Social workers, tech experts and community leaders note new policy and service initiatives from city, county and state governments; BY Ron Mackovich, USC News,
Tech, hackathons, housing and empathy were among the approaches to homelessness discussed Wednesday at an event that included service providers, law enforcement officers, community leaders and people who have been homeless.
“We have the best playing field we’ve ever had to make things better for every human being in L.A. County,” said Marilyn L. Flynn, dean of the USC Suzanne Dworak-Peck School of Social Work, noting a number of new policy and service initiatives from city, county and state governments designed to help end homelessness.
USC Trustee Dworak-Peck was on hand for the forum titled “Wild Ideas and Innovations: A Radical Conversation About Homelessness” at Town and Gown. Faculty from the USC Price School of Public Policy and the USC Marshall School of Business also took part.
“There’s a tremendous amount of energy and creativity in this room,” said Brenda Wiewel, director of USC Initiatives to Eliminate Homelessness. “This is a topic that’s finally getting the attention it deserves. I don’t see how we can have prosperity and social justice with so many people suffering from housing insecurity.”
Not the only one
“I’m probably not the only person in this room who’s been homeless,” said Gabriel Crenshaw, a psychologist and lecturer at the USC Suzanne Dworak-Peck School of Social Work.
Crenshaw, who is also a TV personality, talked about the mental siege he suffered while living in his car in Manhattan Beach.
I started to lose my grip on reality.
“I started to lose my grip on reality,” he said. “I was exposed to environmental concerns you don’t think about when there’s a roof over your head. Homeless people appear to be crazy. Impulsive, disruptive behavior is their way of communicating fear. Once we understand that, the urgency to do something about it kicks in.”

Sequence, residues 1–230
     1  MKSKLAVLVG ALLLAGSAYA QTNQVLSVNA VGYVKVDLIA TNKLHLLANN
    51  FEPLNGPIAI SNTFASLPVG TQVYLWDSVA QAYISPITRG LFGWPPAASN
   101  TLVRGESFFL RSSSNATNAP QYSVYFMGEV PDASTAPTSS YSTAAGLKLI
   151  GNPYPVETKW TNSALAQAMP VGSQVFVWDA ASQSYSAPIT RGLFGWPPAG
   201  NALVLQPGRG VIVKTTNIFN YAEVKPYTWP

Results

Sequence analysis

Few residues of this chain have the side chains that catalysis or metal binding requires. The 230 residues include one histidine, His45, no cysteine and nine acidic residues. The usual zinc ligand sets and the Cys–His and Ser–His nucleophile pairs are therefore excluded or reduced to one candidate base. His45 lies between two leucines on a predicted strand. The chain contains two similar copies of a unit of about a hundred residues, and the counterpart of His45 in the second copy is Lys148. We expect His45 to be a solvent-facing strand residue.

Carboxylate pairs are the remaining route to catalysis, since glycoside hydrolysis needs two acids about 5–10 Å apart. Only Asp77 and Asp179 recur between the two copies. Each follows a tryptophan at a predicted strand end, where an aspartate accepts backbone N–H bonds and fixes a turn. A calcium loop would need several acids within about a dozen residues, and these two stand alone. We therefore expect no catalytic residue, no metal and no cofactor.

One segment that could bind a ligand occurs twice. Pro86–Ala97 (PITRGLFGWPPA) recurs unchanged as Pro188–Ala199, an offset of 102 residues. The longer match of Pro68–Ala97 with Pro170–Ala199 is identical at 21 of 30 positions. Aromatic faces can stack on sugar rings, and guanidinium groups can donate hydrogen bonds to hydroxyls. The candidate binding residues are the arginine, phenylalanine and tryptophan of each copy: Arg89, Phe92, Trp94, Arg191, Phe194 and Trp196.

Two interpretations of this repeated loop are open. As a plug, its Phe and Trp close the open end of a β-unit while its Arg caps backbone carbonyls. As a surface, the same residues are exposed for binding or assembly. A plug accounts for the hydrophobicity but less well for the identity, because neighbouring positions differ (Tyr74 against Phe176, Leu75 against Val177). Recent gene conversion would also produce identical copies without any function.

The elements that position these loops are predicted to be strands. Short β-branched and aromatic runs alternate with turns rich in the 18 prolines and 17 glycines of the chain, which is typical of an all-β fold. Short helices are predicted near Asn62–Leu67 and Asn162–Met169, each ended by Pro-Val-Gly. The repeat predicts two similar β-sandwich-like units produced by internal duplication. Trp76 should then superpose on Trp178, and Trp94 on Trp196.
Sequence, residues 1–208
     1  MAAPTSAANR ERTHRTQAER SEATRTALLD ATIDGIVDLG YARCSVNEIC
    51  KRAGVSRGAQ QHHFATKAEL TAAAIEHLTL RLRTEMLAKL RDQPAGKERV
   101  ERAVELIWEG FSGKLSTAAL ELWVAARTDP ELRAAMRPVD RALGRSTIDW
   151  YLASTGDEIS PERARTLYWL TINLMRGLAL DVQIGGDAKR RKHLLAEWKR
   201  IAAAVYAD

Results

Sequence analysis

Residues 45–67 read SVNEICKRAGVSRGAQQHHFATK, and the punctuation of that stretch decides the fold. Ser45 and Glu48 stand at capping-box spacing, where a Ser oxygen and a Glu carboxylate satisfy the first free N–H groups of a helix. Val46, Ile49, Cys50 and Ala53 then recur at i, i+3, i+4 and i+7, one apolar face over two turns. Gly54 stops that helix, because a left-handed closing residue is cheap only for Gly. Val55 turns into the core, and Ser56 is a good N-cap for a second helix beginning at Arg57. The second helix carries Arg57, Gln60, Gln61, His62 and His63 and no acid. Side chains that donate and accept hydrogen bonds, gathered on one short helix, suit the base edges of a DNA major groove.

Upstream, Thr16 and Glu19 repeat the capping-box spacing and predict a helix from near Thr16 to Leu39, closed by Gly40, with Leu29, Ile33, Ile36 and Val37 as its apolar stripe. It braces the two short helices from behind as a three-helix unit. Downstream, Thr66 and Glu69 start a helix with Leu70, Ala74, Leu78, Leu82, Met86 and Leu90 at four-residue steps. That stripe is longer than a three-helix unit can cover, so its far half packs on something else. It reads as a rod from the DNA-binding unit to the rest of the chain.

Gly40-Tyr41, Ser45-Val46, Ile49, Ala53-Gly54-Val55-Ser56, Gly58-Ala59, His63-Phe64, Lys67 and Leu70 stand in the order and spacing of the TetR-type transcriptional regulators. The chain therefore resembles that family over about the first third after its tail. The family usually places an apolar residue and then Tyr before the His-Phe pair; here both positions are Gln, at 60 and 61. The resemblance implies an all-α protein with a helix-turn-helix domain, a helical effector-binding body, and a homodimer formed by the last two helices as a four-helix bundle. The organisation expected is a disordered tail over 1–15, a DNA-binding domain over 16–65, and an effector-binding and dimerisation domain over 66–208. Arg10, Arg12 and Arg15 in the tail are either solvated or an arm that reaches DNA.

Crenshaw, who cited research showing more than a quarter of people living on the streets suffer from mental illness, said the best solution is housing. He also emphasized empathy.
“People aren’t interested in what you know until they know you care,” Crenshaw said. “I don’t have to say a word. They walk into the room and feel support and empathy. The neural pathway has already changed.”
The tech approach
Technological solutions to homelessness were brought up by a several speakers. Flynn spoke of houses that could be built by 3-D printers, while SoCapTech CEO Ellen Sloan proposed a hackathon centering on homelessness.
“Everybody in this room has a smart phone,” Sloan said. “But people in nonprofits are stuck with email, phones, paper forms and legacy software that’s a rat’s nest.”
Sloan believes nonprofits serving homeless populations could adopt free or inexpensive digital platforms to collect and share information, smoothing the process for homeless people seeking services.
Denise McCain-Tharnstrom, who also attended the forum, developed the WIN (What I Need) app to help homeless people find services. She pointed to research by USC Associate Professor Eric Rice that shows a majority of homeless people in Los Angeles have access to cellphones.
We’re working with USC to explore what it would look like … to connect homeless and hungry students with services.
“We’re working with USC to explore what it would look like to incorporate university facilities into our app, to connect homeless and hungry students with services,” McCain-Tharnstrom said. “Each college has unique services that are available for their students. We want the students to know everything that’s available to them.”
A partnership to end homelessness
The “Wild Ideas” event is part of a university-wide effort at USC to end homelessness that includes research and partnerships with community-based organizations.